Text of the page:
'Elon Eleven' guides
faculty and students















About a year ago, the School of Communications established a list of expected values and competencies on which the community places its emphasis. These are titled the "Elon Eleven," and they are posted in each classroom, to remind faculty, students and staff members of common goals.

Dean Paul Parsons came up with a first draft of the values. Faculty members met and discussed the list, making recommendations for final adjustments before the values and competencies lists were posted.

The five values include: 1) Truth, accuracy and fairness; 2) Freedom of expression; 3) Ethical ways of thinking; 4) History and roles of media; 5) The diversity of audiences.

The six competencies are: 1) Write clearly and accurately; 2) Use the tools of technology; 3) Apply theories in presenting images and information; 4) Engage in research and critical evaluation; 5) Understand data and statistics; 6) Think creatively and analytically.

Students have found the categorizing of such goals to be useful.

"Communications is a difficult field to study," said sophomore Krista Naposki. "Some schools focus on theory, while others focus on pure vocational training. By enumerating the School of Communications' values and competencies, students know that they are getting academic and hands-on training."

Junior Ashley Feibish sees the value of the Elon Eleven carrying beyond the university's gates.

"The Elon Eleven represent much more than the ideals put forth by the School of Communications," said Feibish, "they represent what we as students should actively seek to practice not only in our studies, but in the real world. To have these values and concepts posted in the classroom reminds me why I chose to major in journalism."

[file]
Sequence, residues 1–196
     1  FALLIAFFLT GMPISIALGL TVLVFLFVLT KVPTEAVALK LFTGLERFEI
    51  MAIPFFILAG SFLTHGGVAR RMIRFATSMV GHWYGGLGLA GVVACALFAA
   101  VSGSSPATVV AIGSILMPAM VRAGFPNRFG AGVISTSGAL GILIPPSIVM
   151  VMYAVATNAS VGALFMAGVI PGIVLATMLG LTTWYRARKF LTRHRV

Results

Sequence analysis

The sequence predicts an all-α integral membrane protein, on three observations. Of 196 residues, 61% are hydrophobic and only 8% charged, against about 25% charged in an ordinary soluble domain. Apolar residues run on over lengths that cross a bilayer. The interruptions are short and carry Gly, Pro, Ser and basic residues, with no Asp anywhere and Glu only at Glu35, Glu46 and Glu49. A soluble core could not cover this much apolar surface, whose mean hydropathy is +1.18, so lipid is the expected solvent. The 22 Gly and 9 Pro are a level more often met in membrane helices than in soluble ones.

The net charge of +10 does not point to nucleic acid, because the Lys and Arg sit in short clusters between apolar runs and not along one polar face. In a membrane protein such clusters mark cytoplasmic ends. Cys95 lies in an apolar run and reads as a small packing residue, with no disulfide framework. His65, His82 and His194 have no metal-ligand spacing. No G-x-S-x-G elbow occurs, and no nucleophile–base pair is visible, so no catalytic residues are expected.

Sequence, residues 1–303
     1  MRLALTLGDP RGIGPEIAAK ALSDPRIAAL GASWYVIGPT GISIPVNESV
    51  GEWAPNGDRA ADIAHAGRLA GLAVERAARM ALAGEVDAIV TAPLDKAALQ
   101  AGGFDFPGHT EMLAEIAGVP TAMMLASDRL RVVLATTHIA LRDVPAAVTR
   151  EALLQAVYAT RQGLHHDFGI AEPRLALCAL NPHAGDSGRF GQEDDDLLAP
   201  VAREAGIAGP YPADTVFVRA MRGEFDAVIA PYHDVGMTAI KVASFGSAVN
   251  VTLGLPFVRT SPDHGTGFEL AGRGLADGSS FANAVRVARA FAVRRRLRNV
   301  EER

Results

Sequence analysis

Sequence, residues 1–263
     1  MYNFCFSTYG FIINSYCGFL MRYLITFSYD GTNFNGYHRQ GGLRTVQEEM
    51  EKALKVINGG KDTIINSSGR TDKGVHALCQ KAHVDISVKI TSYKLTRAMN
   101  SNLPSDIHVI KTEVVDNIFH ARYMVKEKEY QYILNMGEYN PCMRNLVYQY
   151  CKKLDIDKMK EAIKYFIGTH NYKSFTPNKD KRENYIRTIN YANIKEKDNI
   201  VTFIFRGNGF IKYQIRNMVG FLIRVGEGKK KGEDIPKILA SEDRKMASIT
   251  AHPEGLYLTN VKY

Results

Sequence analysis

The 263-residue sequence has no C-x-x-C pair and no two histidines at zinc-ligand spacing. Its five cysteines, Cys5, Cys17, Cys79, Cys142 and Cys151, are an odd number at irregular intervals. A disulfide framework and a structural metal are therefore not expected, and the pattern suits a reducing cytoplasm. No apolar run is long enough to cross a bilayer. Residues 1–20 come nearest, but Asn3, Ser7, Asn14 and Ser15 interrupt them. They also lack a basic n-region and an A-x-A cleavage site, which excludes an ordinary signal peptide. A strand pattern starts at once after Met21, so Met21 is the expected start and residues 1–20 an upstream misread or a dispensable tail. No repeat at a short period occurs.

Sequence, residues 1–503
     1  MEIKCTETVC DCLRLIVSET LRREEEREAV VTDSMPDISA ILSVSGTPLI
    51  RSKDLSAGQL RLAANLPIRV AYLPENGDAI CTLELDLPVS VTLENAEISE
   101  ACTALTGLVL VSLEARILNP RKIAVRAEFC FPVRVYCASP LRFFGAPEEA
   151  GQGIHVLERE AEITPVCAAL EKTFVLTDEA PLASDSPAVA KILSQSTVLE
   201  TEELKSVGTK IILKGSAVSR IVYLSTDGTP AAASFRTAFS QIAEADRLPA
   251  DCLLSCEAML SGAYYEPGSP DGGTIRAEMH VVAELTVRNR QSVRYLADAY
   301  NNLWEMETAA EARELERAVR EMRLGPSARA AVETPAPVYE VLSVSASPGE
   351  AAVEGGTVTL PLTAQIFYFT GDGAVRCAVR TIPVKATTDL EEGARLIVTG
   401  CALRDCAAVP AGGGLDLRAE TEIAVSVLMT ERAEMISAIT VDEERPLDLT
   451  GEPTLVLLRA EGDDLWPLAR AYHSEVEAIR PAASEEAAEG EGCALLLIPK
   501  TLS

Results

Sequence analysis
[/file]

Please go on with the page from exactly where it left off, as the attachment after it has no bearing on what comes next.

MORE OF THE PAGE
Feibish said media professionals could take a lesson in this posting of goals.

"I think today's media outlets are suspiciously absent of the things our professors often reinforce, and I aspire to prove to people that the media hasn't completely buried the notion of being truthful, thinking ethically and acknowledging diversity," she said. "It's about being able to visualize these ideals. The Elon Eleven reminds me of why I chose to attend Elon; I knew the people here valued the same things I was hoping to learn more about. It's in every classroom, and it's the mindset of every professor. Knowing the objectives of the job and consistently having them reinforced as stated in the Elon Eleven teaches us not how to think, but what to consider and apply in our actions."



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School of Communications 
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E-mail: communications@elon.edu
Last Modified:  8/04/05
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